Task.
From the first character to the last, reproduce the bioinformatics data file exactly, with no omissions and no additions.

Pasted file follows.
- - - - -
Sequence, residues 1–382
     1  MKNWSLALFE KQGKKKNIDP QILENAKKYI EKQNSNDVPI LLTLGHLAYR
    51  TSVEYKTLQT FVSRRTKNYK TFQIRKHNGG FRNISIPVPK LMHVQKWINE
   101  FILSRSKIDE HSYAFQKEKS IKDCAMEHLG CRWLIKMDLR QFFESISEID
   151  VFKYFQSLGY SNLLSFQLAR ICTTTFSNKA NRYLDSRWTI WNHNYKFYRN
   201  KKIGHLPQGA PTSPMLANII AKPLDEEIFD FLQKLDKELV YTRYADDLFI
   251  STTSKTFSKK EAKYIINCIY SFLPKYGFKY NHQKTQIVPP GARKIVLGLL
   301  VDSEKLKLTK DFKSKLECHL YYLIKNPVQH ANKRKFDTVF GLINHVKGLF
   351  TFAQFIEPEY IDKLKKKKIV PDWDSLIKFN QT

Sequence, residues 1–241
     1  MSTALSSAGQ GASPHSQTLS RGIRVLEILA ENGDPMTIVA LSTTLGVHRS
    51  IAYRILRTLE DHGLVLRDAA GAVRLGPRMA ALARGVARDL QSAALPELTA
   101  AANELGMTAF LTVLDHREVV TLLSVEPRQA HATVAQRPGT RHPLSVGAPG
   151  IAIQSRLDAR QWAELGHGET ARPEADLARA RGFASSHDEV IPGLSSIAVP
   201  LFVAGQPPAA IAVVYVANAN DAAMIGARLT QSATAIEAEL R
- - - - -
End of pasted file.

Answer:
Sequence, residues 1–382
     1  MKNWSLALFE KQGKKKNIDP QILENAKKYI EKQNSNDVPI LLTLGHLAYR
    51  TSVEYKTLQT FVSRRTKNYK TFQIRKHNGG FRNISIPVPK LMHVQKWINE
   101  FILSRSKIDE HSYAFQKEKS IKDCAMEHLG CRWLIKMDLR QFFESISEID
   151  VFKYFQSLGY SNLLSFQLAR ICTTTFSNKA NRYLDSRWTI WNHNYKFYRN
   201  KKIGHLPQGA PTSPMLANII AKPLDEEIFD FLQKLDKELV YTRYADDLFI
   251  STTSKTFSKK EAKYIINCIY SFLPKYGFKY NHQKTQIVPP GARKIVLGLL
   301  VDSEKLKLTK DFKSKLECHL YYLIKNPVQH ANKRKFDTVF GLINHVKGLF
   351  TFAQFIEPEY IDKLKKKKIV PDWDSLIKFN QT

Sequence, residues 1–241
     1  MSTALSSAGQ GASPHSQTLS RGIRVLEILA ENGDPMTIVA LSTTLGVHRS
    51  IAYRILRTLE DHGLVLRDAA GAVRLGPRMA ALARGVARDL QSAALPELTA
   101  AANELGMTAF LTVLDHREVV TLLSVEPRQA HATVAQRPGT RHPLSVGAPG
   151  IAIQSRLDAR QWAELGHGET ARPEADLARA RGFASSHDEV IPGLSSIAVP
   201  LFVAGQPPAA IAVVYVANAN DAAMIGARLT QSATAIEAEL R